• My system feels a little more snappy now. I guess gnome was okay, but for me it felt bloated.

    My system: 1.6ghz, 512mb, nvidia card with 128mb. Running Debian 4.0 SID.

  • by NullProg (70833) on Wednesday September 19, 2007 @10:40PM (#20676399) Homepage Journal
    It was lightweight on memory and speedy. Every release since then has been slower. 12 meg of RAM for GDM? Give me a break. Its a freaking login box.

    There are a number of enhancements and improvements to things such as power management, Evince (the GNOME document view), Totem (the video player), and note-taking application Tomboy. There are also some changes to GNOME's configuration utilities with an eye towards streamlining them.

    Sure, and meanwhile, Program Manager (Windows 9x) and Presentation Manager (OS/2) did more with less memory (Two Meg), back in 1995.
    Whats really sad is that Presentation Manager was OOP/Class aware which is what both KDE and Gnome are still striving for.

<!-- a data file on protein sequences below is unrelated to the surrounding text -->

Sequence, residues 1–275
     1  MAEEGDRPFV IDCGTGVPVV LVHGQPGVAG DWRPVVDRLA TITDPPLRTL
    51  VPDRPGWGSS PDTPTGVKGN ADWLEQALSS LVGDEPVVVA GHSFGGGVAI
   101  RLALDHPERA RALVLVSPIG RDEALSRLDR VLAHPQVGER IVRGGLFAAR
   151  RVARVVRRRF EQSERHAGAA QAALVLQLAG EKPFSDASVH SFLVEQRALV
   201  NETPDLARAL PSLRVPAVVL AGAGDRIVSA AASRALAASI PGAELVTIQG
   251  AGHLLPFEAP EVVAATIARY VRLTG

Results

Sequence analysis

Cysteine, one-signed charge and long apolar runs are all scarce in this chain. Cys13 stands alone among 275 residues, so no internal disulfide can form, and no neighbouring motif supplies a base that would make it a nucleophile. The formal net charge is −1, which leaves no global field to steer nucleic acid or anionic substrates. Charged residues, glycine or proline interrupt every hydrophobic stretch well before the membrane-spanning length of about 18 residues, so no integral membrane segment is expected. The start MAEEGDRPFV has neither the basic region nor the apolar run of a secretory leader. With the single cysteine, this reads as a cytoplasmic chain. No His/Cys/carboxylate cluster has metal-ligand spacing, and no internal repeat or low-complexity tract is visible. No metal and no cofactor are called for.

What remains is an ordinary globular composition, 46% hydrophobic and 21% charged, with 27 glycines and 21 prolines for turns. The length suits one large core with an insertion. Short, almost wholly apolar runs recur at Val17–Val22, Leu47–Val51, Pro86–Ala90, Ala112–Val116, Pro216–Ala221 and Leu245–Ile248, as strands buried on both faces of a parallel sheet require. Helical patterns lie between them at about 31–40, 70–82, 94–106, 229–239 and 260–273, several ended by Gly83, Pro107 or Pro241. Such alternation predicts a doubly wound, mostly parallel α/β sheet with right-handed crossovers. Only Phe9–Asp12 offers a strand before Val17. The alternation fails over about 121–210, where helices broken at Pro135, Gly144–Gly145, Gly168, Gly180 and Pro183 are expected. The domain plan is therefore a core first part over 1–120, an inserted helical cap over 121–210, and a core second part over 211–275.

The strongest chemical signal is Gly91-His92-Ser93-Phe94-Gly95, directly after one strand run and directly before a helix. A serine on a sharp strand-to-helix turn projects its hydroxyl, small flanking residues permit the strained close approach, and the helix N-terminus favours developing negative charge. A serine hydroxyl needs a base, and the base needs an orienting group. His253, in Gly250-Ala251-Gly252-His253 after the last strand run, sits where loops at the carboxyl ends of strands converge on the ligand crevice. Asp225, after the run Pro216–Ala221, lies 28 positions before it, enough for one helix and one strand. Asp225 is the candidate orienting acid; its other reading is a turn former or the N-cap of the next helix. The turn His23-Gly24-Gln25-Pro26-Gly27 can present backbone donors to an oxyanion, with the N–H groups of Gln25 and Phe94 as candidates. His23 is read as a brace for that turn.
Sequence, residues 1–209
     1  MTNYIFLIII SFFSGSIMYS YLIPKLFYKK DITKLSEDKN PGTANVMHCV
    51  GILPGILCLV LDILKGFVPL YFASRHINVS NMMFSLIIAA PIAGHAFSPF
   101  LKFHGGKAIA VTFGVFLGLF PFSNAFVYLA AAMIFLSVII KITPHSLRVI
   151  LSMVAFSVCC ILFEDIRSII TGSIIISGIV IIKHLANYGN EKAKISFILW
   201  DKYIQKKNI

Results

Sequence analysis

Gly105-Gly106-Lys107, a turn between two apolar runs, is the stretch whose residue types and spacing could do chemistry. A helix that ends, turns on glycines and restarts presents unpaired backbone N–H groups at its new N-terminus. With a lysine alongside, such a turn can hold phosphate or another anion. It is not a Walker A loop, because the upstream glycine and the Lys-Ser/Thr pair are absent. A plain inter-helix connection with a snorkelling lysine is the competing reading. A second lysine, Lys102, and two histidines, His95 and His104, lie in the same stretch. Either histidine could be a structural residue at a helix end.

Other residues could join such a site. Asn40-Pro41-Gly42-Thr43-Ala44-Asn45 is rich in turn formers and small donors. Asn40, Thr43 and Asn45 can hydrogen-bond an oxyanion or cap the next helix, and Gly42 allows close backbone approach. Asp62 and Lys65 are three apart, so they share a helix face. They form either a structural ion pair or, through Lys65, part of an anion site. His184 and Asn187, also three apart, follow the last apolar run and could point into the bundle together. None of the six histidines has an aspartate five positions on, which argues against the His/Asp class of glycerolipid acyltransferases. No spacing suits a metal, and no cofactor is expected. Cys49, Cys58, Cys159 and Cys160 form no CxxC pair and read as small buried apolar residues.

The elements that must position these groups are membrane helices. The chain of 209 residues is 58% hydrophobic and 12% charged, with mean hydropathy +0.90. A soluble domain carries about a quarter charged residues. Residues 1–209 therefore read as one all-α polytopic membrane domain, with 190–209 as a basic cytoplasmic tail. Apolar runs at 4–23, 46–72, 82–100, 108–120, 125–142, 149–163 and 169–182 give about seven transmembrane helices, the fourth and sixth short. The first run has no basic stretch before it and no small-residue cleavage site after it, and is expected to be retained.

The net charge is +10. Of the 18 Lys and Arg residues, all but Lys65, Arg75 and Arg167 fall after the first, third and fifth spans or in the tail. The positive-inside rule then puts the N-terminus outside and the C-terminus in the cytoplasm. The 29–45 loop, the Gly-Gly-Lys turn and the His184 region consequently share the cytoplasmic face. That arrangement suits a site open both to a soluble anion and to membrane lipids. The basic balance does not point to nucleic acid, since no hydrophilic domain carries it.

Congrats to the Gnome team. Hardware companies everywhere salute you.

    If I bitch about system requirements for Windows, then I can bitch about system requirements for Gnome/KDE.
    I won't be downloading Gnome. XFce4 is everything Gnome was suppose to be. How many Gnome programmers use XUbuntu for development?

    And where in the hell is the new Enlightenment Ebuntu distribution?

    Enjoy,
    • Re: (Score:3, Informative)

      by bheekling (976077)

      Every release since then has been slower.

      Actually, I found 2.18 to be _much_ faster than 2.16. To quote a friend of mine, "gnome-terminals are popping up like popcorn :D"

      12 meg of RAM for GDM? Give me a break. Its a freaking login box.

      /me fires up htop
      Hmmm, its using 2mb on my computer...

      Sure, and meanwhile, Program Manager (Windows 9x) and Presentation Manager (OS/2) did more with less memory (Two Meg), back in 1995.

      2mbs in 1995! Computers back then had 16mb of RAM remember?
      Right now, on my computer, Firefox is at the top of the memory list with 125mbs, followed by thunderbird at 25. Neither of them are gnome apps. The core gnome component using the most amount of memory right now is nautilus (which does half the work in gnome

    • Re: (Score:3, Informative)

      by Daengbo (523424)
      Interesting. I've been looged in to 2.20 all day, and my top processes right now are:
      • Epiphany (8 tabs) 80MB
      • Deskbar 24MB